“San Francisco is poetry. Even the hills rhyme.”~Pat Montandon
It was Easter Sunday. My sister and I were walking from my apartment to hers, and stopped in a small British grocery on the way to pick up a few snacks. Standing at the check out, arms full of Taytos and Crunchies, I spotted a box of Cadbury Creme Eggs on the counter.
"Should I?" I asked the young British teller, presumably the owner of the store.
"You should," he answered, "they're only out once a year."
Inspired by his encouragement and slightly charming accent, I acquiesced and added an Egg to my purchase.
"I really hate these," he said, scanning the Egg, "they're so disgusting."
"Oh...," was my confused reply. I clearly did not think the Egg was disgusting and he clearly encouraged me to buy it.
"That'll be $6.80." And then, as I dug for my cash: "When I bite into them it's like ugh, gross! An instant wave of nausea. Just so, sugary, so thick, oh God thinking of it is making me sick. Instant nausea."
"Uhhhhh," I looked sideways at my sister.
"They're just so awful," he continued, "blah! And the caramel ones, don't even get me started. So gross," he handed me my change, "I don't know why anyone likes these godawful things."
"Well, happy Easter," I said meekly as I gathered my belongings, Cadbury Egg included.
My sister and I burst out laughing as soon as we exited the store. Worst sales man ever? I think so. Although, he did get me to buy the Egg.
Garrett and I were about to descend into the bowels of a Bart station when we heard a man scream.
We looked up. A middle-aged man, disheveled in every way but his happiness, was striding toward us with a shit-eating grin.
"YOGURT!" he screamed even louder, "FREE YOGURT!"
In his hand, he held a cone of soft serve.
"FREE YOGURT!" was yelled between licks.
You better believe that everyone around him started looking for the source of free yogurt. The man continued past us, happy as high heaven. As we took the escalator down to our train, I smiled as I heard the man continue on his happy trajectory.
Sometimes it's the small things.
There is a woman that has taken recent residence of the city blocks surrounding my building. She is young, perhaps in her late 20's or early 30's. Apart from a head of locks matted in grease, she bears a healthy weight and a full set of straight, white teeth. Signs, in my opinion, that she is relatively new to the homeless life.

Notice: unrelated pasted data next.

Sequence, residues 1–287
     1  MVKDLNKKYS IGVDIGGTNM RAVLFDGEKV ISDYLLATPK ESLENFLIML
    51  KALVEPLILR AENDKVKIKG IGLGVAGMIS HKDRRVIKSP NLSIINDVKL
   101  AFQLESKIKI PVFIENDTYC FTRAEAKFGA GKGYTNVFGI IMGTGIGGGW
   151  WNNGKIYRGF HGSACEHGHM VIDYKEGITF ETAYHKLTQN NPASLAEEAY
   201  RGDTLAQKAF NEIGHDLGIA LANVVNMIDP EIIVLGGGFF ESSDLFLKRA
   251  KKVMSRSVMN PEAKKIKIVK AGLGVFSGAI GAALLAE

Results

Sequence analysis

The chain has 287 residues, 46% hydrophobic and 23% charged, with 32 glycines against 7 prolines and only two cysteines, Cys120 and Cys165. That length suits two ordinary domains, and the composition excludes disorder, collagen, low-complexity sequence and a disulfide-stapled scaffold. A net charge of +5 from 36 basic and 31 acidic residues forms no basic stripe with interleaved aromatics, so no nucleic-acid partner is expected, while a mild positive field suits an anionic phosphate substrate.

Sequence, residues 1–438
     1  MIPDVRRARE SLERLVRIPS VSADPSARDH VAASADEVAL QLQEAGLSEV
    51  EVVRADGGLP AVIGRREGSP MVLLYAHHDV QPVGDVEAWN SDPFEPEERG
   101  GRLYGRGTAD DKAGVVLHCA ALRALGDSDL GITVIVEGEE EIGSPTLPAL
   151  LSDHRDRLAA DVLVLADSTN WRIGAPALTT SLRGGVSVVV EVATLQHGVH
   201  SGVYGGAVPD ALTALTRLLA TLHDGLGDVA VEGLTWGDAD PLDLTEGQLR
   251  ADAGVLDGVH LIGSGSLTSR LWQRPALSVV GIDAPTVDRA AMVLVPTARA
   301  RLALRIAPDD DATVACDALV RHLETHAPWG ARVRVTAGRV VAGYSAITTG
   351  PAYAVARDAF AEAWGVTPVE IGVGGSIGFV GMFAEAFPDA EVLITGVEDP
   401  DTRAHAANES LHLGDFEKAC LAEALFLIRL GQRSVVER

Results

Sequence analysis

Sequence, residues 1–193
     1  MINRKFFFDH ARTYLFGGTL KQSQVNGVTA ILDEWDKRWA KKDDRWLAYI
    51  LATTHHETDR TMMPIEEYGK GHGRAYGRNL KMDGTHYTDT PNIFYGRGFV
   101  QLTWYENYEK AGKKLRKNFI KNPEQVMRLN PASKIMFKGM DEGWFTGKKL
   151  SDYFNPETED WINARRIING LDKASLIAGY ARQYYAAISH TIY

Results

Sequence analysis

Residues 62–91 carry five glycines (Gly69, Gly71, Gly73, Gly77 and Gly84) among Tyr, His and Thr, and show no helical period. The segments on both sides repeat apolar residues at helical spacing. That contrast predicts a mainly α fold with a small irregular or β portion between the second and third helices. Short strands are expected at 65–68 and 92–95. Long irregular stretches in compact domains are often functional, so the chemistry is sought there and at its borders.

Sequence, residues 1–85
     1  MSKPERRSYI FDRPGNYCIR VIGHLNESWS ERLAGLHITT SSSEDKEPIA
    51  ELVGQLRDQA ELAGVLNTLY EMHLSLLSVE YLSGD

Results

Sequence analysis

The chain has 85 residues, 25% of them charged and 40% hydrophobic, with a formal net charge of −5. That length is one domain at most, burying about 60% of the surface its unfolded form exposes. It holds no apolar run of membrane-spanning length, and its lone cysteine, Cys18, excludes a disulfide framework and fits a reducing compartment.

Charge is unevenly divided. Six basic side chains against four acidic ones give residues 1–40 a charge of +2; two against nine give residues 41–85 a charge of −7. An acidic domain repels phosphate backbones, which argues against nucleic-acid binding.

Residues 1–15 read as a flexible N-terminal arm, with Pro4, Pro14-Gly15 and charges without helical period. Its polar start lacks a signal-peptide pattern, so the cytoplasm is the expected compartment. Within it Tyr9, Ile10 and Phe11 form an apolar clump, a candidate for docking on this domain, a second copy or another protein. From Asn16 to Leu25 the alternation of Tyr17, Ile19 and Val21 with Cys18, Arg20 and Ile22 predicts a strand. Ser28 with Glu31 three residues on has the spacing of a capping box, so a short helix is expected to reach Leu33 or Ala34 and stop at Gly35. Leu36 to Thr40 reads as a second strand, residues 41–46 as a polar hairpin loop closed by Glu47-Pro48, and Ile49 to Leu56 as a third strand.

I first noticed her with an eye shadow compact in one hand, applying makeup to her reflection in the morning light of a Walgreens window. I have observed similar behaviors since; she seems quite concerned in maintaining a presentable appearance. In fact, that's all I ever saw her doing -- brushing her hair, puckering her lips with gloss, tucking in her shirt -- until I saw her trip.
And now, that's all she seems to ever be doing. Whether she is under the spell of narcotics or her own mind's demise, she is slipping farther and farther away from reality.
Her reality becomes replaced with preaching. Sometimes she braces her hand on a street pole, sometimes she stares at her own reflection, sometimes she stands in the middle of street and challenges others. Always, she is projecting her voice. Her words are strong, backed with a ferocity locked somewhere inside of her.
I passed her on my way out of work yesterday. She was leaning against the side of a building, preaching to the passersby paying her no mind. As I approached the woman, a small girl with brown curls was walking in front of me, wearing a rich red pea coat and clutching her father's hand.
The preacher pointed to the girl.
"THE CHILDREN, THEY ARE SICK, AND I'M SORRY SIR, BUT SHE WILL NOT MAKE IT."
Oh. My. God. A lifetime of nightmares for the girl flashed before my eyes, stemming from this horrible moment in time, in which her life was condemned by a screaming bum.
The girl turned to her father in confusion, and they both furrowed their brows. And then, miraculously, they looked straight ahead, the tiny hand clutching her father's slightly tighter.
I stood closely behind them as we waited for the crosswalk signal to change and sighed a huge breath of relief when they spoke. They were foreign. Completely unaffected.
Not me, though. The homeless, the drug addicts, the mentally ill...they will always affect me. I'm just not sure what to do about it yet. In the meantime, I guess I'll just keep listening to the preacher.